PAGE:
The very opposite of two weeks in Benidorm. Liam Quinn

We can all learn from Antarctica (when not stuck in the ice)

The drama and somewhat unintentional humour of first one and eventually three ships getting caught in heavy sea ice in the Southern Ocean has been closely followed since before Christmas. The images of the ship Akademik Shokalskiy held captive in the thick Antarctic icepack caught the attention of people around the world, if not always for the right reasons.

Photos of the Schokalskiy bear little resemblance to Frank Hurley’s images of the Endurance – the wooden ship of Shackleton’s famous expedition of 1914-17 – that was trapped and shattered in similar pack ice. Yet they raise the same question: why would anyone willingly travel to this barren, cold and dangerous landscape?

For the Schokalskiy voyagers, it was an opportunity to follow the route of another historical expedition, the Australasian Antarctic Expedition led by Douglas Mawson. Both expeditions are examples of human courage and persistence in the face of incredible risks. Shackleton and crew travelled over 800 nautical miles of open water in a small lifeboat and then hiked another 50km over difficult terrain. Mawson completed an incredible 150km solo trek across wind-blasted Wilkes Land. But these expeditions are exceptional; most scientific and tourism-based Antarctic trips are incident free.

In December 2012 I was fortunate enough to participate in the Geological Society of America’s 125th Anniversary Expedition to Antarctica, lead by Cheesman’s Safaris. This was not a scientific expedition per se but nor was it just a cruise – more a destination field trip with an emphasis on both local and regional geology.

Ice cliffs in the Gerlache Straight, Antarctica. Rachel Milford

We sailed aboard the Akademic Ioffee, the slightly younger sister ship to the Schokalskiy. We departed on December 29 from Port Stanley in the Falkland Islands, and followed sections of Shackleton’s route in a fashion similar to the Schokalskiy retracing Mawson’s path. Many Russian oceanographic vessels built during the Cold War were converted into tourist friendly ships with dorm-style cabins, cinemas, lecture rooms, libraries, dining halls and – in our case – a hot tub and sauna on the upper deck. These amenities meant we were rarely hungry, cold or uncomfortable, other than from sea sickness.

Luckily both our crossings of the Drake Passage, the notoriously rough stretch of sea between Cape Horn and the South Shetland Islands, was relatively placid. But to leave the Falklands behind us and crossing the Drake is to officially leave civilisation and enter a foreign environment – even for those of us from northern latitudes accustomed to snow and cold.

It wasn’t the cold that made it feel so foreign. The southern hemisphere’s summer provided comfortable walking temperatures ranging from -2°C to 6°C. Rather, it was the variability in light, the clarity of the atmosphere, and the sight of creatures seen only in the pages of National Geographic.

Our first landing at Peggotty Bluff on South Georgia Island, where Shackleton also first landed, provided an abrupt introduction to what would greet us for the duration of the trip. As we stepped out of our boats, walking awkwardly wrapped in lifevests, GoreTex, and knee-high rubber boots, we found ourselves faced with territorial fur seals, huge but languid elephant seals bellowing their welcome, and gentoo and king penguins waddling across the shingle. Behind these amazing creatures were white snowfields, sheer black cliffs, and the diffuse blue and green hues of glacial ice.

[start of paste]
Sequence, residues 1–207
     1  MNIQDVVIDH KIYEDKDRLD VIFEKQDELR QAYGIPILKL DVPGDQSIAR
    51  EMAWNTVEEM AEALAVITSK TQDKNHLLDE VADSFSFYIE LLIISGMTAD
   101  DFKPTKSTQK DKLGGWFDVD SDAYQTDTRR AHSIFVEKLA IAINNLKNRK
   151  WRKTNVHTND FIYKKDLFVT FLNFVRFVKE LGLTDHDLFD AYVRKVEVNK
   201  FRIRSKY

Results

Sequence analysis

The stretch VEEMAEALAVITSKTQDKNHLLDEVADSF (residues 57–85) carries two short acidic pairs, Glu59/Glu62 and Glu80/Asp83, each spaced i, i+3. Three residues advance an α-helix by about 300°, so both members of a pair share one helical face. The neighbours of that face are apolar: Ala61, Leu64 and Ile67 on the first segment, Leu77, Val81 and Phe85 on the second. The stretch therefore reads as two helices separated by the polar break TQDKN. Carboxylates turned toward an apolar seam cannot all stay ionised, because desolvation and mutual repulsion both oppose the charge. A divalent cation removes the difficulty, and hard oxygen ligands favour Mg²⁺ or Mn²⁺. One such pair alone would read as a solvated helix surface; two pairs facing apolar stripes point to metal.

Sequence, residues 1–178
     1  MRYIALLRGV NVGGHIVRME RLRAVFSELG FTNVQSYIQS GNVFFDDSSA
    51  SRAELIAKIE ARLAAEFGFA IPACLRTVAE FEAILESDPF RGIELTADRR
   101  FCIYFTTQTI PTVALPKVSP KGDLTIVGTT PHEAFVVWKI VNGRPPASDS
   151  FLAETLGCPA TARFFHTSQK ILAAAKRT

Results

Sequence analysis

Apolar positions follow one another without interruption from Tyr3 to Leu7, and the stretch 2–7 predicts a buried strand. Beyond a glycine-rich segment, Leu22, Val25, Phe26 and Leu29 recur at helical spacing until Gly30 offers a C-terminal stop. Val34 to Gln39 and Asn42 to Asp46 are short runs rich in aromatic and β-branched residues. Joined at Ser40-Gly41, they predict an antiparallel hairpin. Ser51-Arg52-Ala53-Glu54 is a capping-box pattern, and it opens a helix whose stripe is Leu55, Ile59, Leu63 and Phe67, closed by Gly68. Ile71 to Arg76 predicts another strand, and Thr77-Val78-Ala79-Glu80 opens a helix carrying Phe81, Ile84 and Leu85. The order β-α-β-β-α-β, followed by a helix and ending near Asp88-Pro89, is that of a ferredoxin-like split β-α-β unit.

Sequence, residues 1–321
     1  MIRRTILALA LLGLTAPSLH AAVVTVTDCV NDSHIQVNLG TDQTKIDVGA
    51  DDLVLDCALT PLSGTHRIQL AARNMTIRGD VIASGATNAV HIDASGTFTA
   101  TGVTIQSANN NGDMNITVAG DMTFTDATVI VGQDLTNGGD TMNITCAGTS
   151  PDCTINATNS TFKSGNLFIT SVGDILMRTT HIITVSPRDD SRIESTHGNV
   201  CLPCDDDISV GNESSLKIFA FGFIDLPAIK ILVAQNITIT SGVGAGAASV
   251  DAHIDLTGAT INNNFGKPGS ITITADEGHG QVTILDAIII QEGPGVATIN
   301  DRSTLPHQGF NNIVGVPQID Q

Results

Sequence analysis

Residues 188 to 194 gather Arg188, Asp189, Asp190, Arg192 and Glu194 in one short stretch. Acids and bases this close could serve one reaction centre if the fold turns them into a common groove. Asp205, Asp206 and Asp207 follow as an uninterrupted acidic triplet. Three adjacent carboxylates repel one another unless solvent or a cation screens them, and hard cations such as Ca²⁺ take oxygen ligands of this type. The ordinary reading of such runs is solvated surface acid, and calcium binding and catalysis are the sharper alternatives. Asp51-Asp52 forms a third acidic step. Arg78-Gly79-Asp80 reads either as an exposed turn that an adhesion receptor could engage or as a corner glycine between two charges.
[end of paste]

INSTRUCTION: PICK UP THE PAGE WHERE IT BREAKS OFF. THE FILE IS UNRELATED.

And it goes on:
“Now reach your flippers up, then down to the ground, and exhale.” Christopher.Michel

Moving past South Georgia and further south towards the South Shetland Islands and the Antarctic peninsula, the icebergs we encountered grew in number and size. At first appearing as small growlers showing signs of recent melting and erosion, those we passed grew steadily larger, becoming blocky, table-top icebergs that looked as if they’d recently calved from an ice shelf – although we knew that wasn’t the case. With increasing icebergs came increasing snow cover, which meant fewer opportunities to examine exposed bedrock and penguins. It was interesting to see how penguin diversity decreased as we approached the peninsula, and that the penguin chicks grew smaller and smaller, until we found on Cuverville Island Gentoo penguins still sat on eggs.

Geologically, the field trip focused on the interplay of tectonic plates in the region, as the rocks in this seemingly frozen landscape record an incredibly dynamic history. Dating from the ancient break of Gondwanaland, we found exposures of pillow lava that represented ancient oceanic crust exposed on South Georgia, volcanic creations like Deception Island, and Jurassic fossils exposed on the Antarctic peninsula. We were kept busy reading the story of geologic time recorded in the rocks.

Passing through the Gerlach Strait and Neumayer Channel, where sheer ice cliffs and soupy pack ice crowded around the ship, I pondered the fate of the MS Explorer – the cruise ship that sank in 2007 after hitting an iceberg in the Bransfield Strait. I can’t speak for the scientists aboard the Schokalskiy, but I still grapple with the tension between the financial cost and carbon footprint of the journey, and the fact that one year on I am still processing what I saw and experienced. The experiences on this trip weren’t limited to the animals or the rocks; I continue to be surprised by how much I learned about the rich history of whaling, political complexity of the Antarctic Treaty and how tourism crops up up in unexpected ways.

The opportunity to explore an extreme and foreboding, but fascinating environment such as Antarctica with minimal risk is why many people choose it as a destination, and why so many go back.

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